Sunday, August 31, 2014

Gear Review - Malone Kayak Cart

With the new Old Town Predator 13 kayak I'm riding this year, transporting my kayak became a little more difficult.   The Predator, being 93 pounds empty, is a lot heavier than my Old Town Dirigo recreational kayak.   I can pick the Dirigo and carry that boat fairly easily, but the Predator is tough!

To address this, I picked up the Malone Kayak Cart from Paul at Eco-Logicial Adventures in Oromocto.   Paul recommended this, and knowing that Paul really knows his stuff, I took him at his word.   This kayak cart has big rubber wheels, adusts to width of the scupper holes to fit virtually any sit on top kayak, and breaks down very quickly for easy transport in the kayak.

 Launching yesterday at the Hampton Dock, I decided to make use of the kayak cart and fully load up the Predator up in the parking lot.    5 rods, a full milk crate with 6 plano boxes of gear, my anchor, several rod holders, net, a cooler with snacks and worms... all adding up to somewhere between 150 and 200 lbs.   With the kayak cart placed in the scuppers directly under the rear of my seat (closer to the middle than the rear of the kayak), I was able to easily trasport my kayak around the parking lot and down to the water with just 1 hand!   No more multiple trips from the vehicle to the water!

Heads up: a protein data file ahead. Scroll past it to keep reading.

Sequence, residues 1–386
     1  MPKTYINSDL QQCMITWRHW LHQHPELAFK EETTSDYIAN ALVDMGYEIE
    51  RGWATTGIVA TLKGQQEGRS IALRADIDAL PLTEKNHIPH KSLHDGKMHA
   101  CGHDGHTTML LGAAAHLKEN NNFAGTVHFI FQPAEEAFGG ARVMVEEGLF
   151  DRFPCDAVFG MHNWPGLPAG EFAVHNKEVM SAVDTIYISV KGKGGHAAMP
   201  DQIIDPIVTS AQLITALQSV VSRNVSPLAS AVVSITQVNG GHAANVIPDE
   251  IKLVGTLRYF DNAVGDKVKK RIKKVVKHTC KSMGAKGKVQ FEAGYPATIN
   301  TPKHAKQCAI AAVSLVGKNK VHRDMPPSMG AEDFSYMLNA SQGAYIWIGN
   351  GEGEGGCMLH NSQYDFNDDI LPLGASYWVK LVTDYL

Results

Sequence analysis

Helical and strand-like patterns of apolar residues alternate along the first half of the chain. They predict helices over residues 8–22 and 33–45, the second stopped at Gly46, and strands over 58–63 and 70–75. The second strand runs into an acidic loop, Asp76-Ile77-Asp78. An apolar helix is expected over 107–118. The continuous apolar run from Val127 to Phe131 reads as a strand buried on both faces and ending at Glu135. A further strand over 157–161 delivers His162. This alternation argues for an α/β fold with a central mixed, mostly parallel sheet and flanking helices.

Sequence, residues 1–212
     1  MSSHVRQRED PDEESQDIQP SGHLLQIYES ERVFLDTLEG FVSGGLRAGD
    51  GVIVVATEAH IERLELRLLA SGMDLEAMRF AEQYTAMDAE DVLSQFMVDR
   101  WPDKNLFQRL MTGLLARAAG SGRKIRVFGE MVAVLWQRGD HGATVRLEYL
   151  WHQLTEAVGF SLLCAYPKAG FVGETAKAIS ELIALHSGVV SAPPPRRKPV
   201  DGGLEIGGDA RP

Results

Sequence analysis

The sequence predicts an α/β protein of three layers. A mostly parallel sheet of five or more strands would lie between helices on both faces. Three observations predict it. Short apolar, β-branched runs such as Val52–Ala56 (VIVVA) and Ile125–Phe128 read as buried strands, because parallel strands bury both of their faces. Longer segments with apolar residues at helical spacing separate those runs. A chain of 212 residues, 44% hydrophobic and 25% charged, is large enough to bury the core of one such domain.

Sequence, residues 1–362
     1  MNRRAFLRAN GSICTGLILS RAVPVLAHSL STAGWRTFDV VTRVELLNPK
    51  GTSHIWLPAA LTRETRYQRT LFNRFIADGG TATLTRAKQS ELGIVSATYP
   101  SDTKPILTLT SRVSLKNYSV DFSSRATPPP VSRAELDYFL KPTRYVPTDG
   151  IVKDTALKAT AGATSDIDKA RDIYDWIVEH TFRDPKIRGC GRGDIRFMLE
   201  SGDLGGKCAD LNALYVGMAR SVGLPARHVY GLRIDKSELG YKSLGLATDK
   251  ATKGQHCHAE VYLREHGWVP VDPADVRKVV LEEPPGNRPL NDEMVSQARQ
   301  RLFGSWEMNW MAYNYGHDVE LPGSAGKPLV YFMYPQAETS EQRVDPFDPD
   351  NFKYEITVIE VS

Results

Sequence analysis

Once at the water, it was pretty easy to lift the rear of the kayak off the cart and have it just fall out.   Then I just unsnapped the tires and put them in my front storage bin, and put the frame of the kayak cart on the far rear of the Predator, secured with the bungee cords.

The return trip however proved to be trickier.   Once finished with the fishing trip, I had to get the kayak cart fitted back into the scupper holes.    The only way I could do this on my own was to tip my kayak sideways.   With a second person, one could lift the kayak while the other maneuvers the cart into the scuppers, but that's not possible on your own.    You have to take off whatever loose gear is on your kayak, tip it sideways and put the cart into the holes and then reload the kayak (quickly as it's about to be unloaded at the vehicle) before walking it back.  

Pulling over 150 lbs back up the hill wasn't as easy as coming down the hill obviously, but with 2 hands this time on the kayak, it was easy enough!

Need a kayak cart for your sit on top?  Then check out the Malone Xpress Cart from Paul at Eco-Logical Adventures.   I'm sure you'll be as happy with it as I am with mine!